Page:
His parents had hired a teacher for his two older sisters, his brother, and himself, but he eventually did not receive a regular education. Louis had plenty of time to participate in even more interesting events and adventures with the Kikuyu blood brothers. He learned their language and how to hunt with a bow and arrow, make traps, trace, and even hunt animals with his bare hands. Louis Leakey attributed his unique insights and perspectives on early humans and human evolution to his traditional Kikuyu education.

Louis Leakey and Mary Leakey: Exploring ancient Africa

The Olduvai Gorge in Tanzania also stands out for its very colorful terrain. Louis Leakey and Mary Leakey.
The Olduvai Gorge in Tanzania also stands out for its very colorful terrain.

However, it was the book his cousin gave him for Christmas that took him on this professional path. The book Days Before History was about the adventures of an English boy named Tig who lived in the Stone Age. The book included illustrations of the Stone Age peoples and the tools they created, with dates on them. Louis began collecting glass rocks inspired by the book, which he discovered in eroded carvings along streams near his home. His family made fun of his “broken bottles,” but Louis had an independent streak.

He then consulted the only scientist he knew, Arthur Loveridge, the curator of the small natural history museum in Nairobi. Loveridge studied the finds and determined that some of them were indeed “tools,” but also explained to Louis Leakey that there is still much unknown about the Stone Age in Africa. These words changed Louis’ world; now he had research to pursue his entire life. In his autobiography, White African, he writes, “I definitely decided to go down this road until everything about the Stone Age [in Africa] was known.” He had just turned 13 years old.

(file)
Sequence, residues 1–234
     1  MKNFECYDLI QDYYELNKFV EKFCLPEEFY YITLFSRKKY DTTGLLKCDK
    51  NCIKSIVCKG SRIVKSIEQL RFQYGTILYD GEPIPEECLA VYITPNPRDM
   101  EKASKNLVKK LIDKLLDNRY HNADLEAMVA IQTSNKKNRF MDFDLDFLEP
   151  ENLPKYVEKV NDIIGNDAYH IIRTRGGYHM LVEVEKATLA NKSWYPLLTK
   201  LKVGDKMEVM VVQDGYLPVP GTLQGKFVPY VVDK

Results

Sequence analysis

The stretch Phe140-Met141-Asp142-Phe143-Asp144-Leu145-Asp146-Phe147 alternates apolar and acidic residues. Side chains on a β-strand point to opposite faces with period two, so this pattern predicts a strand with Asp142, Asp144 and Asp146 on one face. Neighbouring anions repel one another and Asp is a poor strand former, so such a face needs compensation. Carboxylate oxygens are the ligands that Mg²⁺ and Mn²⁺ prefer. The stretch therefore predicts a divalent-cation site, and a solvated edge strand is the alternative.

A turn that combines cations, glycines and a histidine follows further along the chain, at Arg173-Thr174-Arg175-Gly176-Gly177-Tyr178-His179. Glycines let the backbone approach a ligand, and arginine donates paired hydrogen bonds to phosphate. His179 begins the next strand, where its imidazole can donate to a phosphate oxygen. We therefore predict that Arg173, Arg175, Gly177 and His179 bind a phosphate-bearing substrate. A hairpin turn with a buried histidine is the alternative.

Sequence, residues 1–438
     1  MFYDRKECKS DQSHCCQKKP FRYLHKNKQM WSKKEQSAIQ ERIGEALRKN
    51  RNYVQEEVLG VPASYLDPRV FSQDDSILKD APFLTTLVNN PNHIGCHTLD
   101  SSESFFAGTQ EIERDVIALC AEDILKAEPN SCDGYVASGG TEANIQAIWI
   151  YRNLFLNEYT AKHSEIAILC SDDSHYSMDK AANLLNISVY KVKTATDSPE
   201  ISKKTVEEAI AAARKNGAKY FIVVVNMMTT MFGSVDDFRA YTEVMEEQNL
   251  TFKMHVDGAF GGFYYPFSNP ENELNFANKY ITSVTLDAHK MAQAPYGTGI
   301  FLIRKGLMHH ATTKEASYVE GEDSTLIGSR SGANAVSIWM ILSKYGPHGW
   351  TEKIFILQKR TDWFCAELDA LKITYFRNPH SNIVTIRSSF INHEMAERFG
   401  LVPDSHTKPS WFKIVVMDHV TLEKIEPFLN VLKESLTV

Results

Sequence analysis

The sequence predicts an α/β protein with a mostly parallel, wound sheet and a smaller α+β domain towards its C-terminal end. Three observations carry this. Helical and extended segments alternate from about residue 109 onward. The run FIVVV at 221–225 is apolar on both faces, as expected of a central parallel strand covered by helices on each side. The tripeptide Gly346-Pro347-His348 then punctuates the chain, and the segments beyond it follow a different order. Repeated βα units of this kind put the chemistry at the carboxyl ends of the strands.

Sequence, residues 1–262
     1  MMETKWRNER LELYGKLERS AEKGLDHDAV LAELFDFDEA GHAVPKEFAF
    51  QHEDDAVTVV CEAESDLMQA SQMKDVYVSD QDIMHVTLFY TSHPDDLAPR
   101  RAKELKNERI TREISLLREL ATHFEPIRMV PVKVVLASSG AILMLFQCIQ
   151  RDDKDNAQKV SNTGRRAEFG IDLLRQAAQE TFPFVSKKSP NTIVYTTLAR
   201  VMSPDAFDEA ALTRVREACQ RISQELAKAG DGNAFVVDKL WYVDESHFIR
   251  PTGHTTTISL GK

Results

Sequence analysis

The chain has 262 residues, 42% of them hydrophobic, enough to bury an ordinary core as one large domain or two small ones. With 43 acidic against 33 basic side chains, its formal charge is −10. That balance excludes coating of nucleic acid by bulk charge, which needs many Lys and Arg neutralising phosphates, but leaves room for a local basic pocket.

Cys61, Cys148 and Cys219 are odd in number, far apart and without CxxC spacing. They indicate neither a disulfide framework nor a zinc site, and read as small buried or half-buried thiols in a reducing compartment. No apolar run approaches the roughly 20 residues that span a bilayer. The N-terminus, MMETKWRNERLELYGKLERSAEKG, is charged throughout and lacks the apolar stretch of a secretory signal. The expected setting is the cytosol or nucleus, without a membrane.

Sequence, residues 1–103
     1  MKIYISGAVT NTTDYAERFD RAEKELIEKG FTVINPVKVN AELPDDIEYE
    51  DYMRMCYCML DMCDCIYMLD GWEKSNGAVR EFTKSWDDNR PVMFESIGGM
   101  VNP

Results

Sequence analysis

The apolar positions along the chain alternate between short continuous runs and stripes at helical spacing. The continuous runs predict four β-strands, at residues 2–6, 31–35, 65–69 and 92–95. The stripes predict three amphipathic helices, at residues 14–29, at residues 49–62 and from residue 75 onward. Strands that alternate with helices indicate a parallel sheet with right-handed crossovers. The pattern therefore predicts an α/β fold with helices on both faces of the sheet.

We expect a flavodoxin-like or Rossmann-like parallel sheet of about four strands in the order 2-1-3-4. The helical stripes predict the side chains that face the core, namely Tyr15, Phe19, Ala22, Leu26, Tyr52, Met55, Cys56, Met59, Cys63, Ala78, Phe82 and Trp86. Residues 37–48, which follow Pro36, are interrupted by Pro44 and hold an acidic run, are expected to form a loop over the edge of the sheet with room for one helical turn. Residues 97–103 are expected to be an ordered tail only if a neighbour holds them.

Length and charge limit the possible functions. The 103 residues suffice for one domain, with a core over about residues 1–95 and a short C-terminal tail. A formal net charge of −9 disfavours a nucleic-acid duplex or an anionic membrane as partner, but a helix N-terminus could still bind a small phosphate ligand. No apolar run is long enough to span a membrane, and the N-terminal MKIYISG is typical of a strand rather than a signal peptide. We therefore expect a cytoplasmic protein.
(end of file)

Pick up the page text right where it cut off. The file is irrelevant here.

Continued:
It was not easy for Louis to pursue his desired career. His schooling was limited to the few years he attended school in England during his off days, but he managed to close this gap by working hard and was accepted into St. John’s College, Cambridge. After earning a dual bachelor’s degree in anthropology and modern languages (one was Kikuyu), he received a small research scholarship.

On this scholarship, he bought a ticket for a ship to Kenya and organized the first East African archaeological expedition in the summer of 1962. One of the Cambridge professors tried to dissuade him by saying that he would waste his time looking for the first humans in Africa because “everybody knows they originated in Asia.” Such negative remarks made Louis even more determined to find the evidence he is looking for and prove the professor wrong.

Eventually, Louis led four separate voyages to East Africa. On each, he uncovered further evidence of the continent’s obscure ancient epochs, such as bone fragments and prehistoric stone tools, that shed light on a time period that few scientists had ever considered. He was particularly interested in discovering stone hand axes from the Chellean (Abbevillian) civilization, named after those unearthed in the French town of Chelles. Large, oval-shaped hand axes were formerly seen as evidence of the world’s first civilization by archaeologists.